Here are 5 self-prescribed drugs that Nigerians overuse

Caption here (Zita Amwanga, GPJ Democratic Republic of Congo)

Here are 5 self-prescribed drugs that Nigerians overuse

These drugs have been overused and abused by Nigerians.

The self-prescription game is one that we Nigerians are all too familiar with.

We’ve all been there, haven’t we? It’s like we have an honorary medical degree, diagnosing every little ailment as malaria or typhoid.

And don’t even get me started on Nigerian mums. They’re the ultimate home doctors, knowing exactly what drug to prescribe for any discomfort or sickness.

Who needs a real doctor when you have mum right?

Now, technically speaking, this self-prescription might be considered drug abuse, but let’s be honest, do we Nigerians even care? As long as the drugs get the job done, we’re good.

Here are some of those drugs we Nigerians are guilty of overusing:

You can find Paracetamol in almost every Nigerian household. You’ll never find a shortage of Paracetamol around here. In fact, it’s one of the most abused drugs. We use for just about any kind of pain imaginable. Headaches? Check. Body aches? Check. Menstrual cramps? Check. Toothaches? You bet. Muscle aches? Oh, definitely. And even for malaria, Paracetamol is still the number 1 go-to.

This popular over-the-counter drug works wonders as a fever reducer and pain reliever. Apparently, there’s no stopping Nigerians from overusing this drug because truth be told, it works.

Vitamin C
This is another one of our beloved but overly-used drugs.

You can spot it in both white and orange colours and are used for various ailments like mouth sores and colds, regulating sugar levels, reducing cholesterol, and even tackling skin problems.

Now, here’s a little fact: there’s a popular belief that the white vitamin C works better and faster than the orange ones. This is not true. Both the white and orange variants serve the same purpose in the body.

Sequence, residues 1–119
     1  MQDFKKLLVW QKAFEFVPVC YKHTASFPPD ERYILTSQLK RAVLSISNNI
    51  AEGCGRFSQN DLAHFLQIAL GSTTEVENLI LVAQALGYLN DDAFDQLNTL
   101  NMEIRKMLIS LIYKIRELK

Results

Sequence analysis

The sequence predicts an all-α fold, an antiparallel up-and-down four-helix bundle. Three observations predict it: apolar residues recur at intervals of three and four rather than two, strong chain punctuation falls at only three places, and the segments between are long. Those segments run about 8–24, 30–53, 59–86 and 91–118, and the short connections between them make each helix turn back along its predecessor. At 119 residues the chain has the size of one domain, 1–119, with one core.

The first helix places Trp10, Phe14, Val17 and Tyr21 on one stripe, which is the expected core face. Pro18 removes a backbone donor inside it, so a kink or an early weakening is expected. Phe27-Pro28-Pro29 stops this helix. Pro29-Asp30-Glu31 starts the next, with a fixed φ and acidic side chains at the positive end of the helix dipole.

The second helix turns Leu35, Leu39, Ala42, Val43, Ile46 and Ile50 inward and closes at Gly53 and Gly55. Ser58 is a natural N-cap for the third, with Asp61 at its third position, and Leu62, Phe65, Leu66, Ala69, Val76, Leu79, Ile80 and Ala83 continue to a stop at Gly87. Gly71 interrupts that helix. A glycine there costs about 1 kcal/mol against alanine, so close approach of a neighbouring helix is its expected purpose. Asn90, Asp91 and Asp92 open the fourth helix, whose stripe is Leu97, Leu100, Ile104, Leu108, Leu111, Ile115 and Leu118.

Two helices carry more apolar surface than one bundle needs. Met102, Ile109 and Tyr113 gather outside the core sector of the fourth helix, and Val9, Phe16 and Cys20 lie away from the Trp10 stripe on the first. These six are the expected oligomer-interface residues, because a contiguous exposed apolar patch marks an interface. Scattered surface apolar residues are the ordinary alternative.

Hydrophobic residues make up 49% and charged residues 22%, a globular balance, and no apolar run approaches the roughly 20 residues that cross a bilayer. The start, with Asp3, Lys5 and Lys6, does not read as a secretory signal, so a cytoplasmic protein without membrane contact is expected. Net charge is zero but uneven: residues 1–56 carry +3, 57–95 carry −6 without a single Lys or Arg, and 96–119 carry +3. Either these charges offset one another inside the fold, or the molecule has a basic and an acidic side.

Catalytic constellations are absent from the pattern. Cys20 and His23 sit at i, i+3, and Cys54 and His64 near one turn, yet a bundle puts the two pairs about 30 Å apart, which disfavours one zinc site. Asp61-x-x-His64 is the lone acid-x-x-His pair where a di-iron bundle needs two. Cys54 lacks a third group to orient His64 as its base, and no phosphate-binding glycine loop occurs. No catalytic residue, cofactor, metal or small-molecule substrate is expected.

Flagyl is an antibacterial drug that is used to calm purging and bowel issues. This medication has quite a reputation in Nigeria as the go-to solution for an upset stomach.

If you’re Nigerian, you know that Flagyl is usually paired with Tetracycline also known as red and yellow capsule.

You just pop two tablets each of Flagyl along with tetracycline and your purging stops.

For many Nigerian women who have had unprotected sex, this is often the go-to option.

The active ingredient in Postinor-2 is Levonorgestrel, a strong component that works by preventing the fertilisation of the egg by sperm.

It has to be pointed out though as many women confuse Postinor to be an abortion drug. It is a pregnancy-prevention drug which means that it only prevents pregnancy from occurring rather than terminating an already existing pregnancy.

Alabukun is a very popular painkiller that can be easily gotten from hawkers, street vendors, and drug stores.

Many people take Alabukun with alcohol but it’s important to note that this drug has potential medical implications and should not be abused.

To conclude: It’s always advisable to talk with healthcare professionals or pharmacists so that they can guide you through the appropriate use of medications.

Stay sharp, prioritise your health, and don’t go swallowing any drug just to find relief from your self-diagnosed illness.